Email and the Law

How Will Brexit Change Email Marketing Norms?

The last day of January is when we will leave the EU. It is, whatever your wishes, a momentous day, not only politically, but many suggest there might be a threat to business interests, including email marketing.

When the EU signs off the Withdrawal Agreement there will be an interval that has been called the Transition Period. From a political point of view there will be significant change. The UK will not be represented at the EU. We will have no MEPs and no input in the EU’s legislative processes apart from some very minor provisions included in the Withdrawal Agreement. 

The Transition Period will continue until the end of 2020. It can be extended until 2021 or even 2022, although the decision must be taken by both the UK and the EU by June 2020. We have been told by the government that under no circumstance will the Transition Period go beyond 2020. 

The purpose of the Transition Period is to negotiate our future relationship with the EU. For the purposes of email marketing, however, nothing will, in the initial stages, change. You can go on doing what you are doing now, and indeed should, particularly conforming to the requirements of GDPR.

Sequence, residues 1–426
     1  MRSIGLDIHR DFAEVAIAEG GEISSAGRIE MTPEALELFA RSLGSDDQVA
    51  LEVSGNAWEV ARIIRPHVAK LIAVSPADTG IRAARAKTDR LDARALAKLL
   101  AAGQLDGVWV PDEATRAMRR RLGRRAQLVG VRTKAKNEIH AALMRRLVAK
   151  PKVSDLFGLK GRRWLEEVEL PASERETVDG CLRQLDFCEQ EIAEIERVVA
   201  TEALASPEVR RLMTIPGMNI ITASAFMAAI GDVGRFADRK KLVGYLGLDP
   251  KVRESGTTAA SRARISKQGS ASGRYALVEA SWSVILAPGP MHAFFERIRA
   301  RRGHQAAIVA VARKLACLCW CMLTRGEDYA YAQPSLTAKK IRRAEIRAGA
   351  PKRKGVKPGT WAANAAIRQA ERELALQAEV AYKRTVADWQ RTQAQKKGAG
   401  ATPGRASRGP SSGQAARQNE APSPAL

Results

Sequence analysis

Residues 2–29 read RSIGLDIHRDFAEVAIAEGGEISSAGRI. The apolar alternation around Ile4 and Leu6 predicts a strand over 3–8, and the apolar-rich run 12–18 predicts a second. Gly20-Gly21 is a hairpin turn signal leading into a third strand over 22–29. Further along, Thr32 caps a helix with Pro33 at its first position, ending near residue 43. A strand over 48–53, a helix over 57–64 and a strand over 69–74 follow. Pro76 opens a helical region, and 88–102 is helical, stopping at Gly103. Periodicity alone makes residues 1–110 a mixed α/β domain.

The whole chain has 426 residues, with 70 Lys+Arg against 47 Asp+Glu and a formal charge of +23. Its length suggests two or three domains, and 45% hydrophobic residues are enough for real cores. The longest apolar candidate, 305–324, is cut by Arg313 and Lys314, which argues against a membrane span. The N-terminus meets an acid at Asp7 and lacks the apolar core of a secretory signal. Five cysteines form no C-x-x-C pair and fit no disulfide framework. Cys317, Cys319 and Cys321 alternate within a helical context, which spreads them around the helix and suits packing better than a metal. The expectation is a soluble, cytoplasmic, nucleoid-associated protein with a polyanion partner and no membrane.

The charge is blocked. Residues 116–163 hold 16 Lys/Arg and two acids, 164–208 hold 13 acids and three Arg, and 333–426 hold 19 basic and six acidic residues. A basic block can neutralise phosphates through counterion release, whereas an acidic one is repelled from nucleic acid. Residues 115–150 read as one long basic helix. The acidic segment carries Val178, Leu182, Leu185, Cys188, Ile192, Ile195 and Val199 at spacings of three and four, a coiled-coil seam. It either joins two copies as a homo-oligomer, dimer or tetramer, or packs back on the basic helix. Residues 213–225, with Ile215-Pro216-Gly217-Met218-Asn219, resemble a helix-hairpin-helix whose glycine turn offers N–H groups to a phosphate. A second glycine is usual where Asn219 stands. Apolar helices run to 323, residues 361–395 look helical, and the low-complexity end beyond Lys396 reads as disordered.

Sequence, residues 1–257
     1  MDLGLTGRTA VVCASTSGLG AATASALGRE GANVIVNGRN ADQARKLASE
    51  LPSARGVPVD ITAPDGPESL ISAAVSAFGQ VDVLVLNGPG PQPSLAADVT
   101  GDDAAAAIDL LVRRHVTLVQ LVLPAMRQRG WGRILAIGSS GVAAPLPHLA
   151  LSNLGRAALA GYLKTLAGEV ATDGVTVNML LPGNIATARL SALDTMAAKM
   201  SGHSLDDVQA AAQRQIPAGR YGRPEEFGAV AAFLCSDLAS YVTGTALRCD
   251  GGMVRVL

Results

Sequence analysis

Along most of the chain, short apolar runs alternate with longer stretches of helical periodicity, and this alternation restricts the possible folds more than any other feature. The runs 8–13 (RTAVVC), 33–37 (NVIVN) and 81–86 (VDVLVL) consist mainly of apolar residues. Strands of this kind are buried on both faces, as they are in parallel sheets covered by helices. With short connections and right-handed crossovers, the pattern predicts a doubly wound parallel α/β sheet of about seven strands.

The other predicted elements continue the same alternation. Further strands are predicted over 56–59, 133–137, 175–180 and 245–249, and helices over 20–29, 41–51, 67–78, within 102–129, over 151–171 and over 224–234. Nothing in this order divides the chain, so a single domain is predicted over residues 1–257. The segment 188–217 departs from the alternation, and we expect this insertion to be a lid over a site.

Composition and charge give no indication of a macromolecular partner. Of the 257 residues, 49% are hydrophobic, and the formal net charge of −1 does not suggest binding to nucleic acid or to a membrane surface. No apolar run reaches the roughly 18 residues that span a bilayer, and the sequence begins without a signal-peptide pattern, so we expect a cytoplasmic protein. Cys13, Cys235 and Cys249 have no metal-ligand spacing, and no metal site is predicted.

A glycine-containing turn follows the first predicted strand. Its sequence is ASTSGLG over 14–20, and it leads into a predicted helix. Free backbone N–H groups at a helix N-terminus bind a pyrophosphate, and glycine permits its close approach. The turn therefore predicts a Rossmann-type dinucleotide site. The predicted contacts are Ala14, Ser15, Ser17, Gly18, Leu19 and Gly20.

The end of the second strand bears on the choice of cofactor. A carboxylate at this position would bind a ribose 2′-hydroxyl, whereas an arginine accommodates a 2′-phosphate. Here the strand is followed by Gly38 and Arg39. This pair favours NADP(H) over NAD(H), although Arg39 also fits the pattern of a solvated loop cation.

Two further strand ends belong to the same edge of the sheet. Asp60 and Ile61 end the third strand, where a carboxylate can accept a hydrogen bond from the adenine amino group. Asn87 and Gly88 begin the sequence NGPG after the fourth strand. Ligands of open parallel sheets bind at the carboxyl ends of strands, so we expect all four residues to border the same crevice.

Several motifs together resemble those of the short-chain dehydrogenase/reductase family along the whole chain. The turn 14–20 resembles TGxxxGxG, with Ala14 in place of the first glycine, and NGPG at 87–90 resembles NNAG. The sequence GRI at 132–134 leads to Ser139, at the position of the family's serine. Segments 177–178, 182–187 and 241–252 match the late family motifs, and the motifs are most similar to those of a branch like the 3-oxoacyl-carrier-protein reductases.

How Will Brexit Change Email Marketing Norms?The first significant date is 25 February when the EU General Affairs Council signs off the mandate on our future relationship with the EU, so signalling that the negotiations can start. The main negotiations will run from March to October. 30 June is the last possible date for an agreement between the UK and EU to extend the negotiations beyond 2020. 

The Data Adequacy Decision is due at the end of December 2020. see paras 8, 9 and 10 of the Political Declaration below.

Paras 38, 39 and 40 of the Political Declaration, give sparse details of the condition the negotiators will work towards in digital commerce. This will affect email marketing. The words sound great, but confirm very little. However, the general feeling of commentators is that the GDPR will, of necessity, be retained in UK legislation.

Also due at the end of December are the details of the Ireland/Northern Ireland protocol. 

The Government is adamant that the Transition Period will not be extended. Whether this gives sufficient time to conclude negotiations will be revealed in due course. 

With a clear timeline of the process of the Transitional Agreement, it would appear that confidence in the market has received a bit of a boost, with 23% of companies surveyed in recent research seeing budget growth. Even the 58% which saw no change is a positive given the 5% drop shown in the run up to Christmas.

The bad news for email marketing is that confirmed results of the negotiations will be a long time coming. The good news is that if all goes according to plan, although some might feel this requires a leap of faith, there should be minimal changes to our procedures.  

What we must do is continue to monitor the situation as it, albeit slowly, evolves.




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